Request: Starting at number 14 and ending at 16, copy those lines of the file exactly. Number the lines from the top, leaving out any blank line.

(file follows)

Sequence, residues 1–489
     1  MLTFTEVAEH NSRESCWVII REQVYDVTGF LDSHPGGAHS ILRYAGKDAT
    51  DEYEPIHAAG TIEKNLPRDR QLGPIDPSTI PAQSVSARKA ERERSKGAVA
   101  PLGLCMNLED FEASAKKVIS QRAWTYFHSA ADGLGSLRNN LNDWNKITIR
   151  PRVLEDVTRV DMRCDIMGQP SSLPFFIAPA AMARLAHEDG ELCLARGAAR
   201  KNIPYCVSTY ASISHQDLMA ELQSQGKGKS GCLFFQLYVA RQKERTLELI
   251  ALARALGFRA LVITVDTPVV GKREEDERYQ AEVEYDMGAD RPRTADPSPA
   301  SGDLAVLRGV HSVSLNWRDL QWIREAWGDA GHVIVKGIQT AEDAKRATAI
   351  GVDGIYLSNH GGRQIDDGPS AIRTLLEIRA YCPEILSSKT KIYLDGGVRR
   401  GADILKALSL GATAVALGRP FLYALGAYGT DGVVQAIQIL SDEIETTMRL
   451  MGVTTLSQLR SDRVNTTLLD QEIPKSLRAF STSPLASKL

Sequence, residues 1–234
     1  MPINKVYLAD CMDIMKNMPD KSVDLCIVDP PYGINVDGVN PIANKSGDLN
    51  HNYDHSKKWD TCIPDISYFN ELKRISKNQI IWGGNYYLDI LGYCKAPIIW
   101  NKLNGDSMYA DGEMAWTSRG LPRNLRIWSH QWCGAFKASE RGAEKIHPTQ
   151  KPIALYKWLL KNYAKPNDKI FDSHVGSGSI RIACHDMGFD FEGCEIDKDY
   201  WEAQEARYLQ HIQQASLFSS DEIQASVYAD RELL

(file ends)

    51  HNYDHSKKWD TCIPDISYFN ELKRISKNQI IWGGNYYLDI LGYCKAPIIW
   101  NKLNGDSMYA DGEMAWTSRG LPRNLRIWSH QWCGAFKASE RGAEKIHPTQ
   151  KPIALYKWLL KNYAKPNDKI FDSHVGSGSI RIACHDMGFD FEGCEIDKDY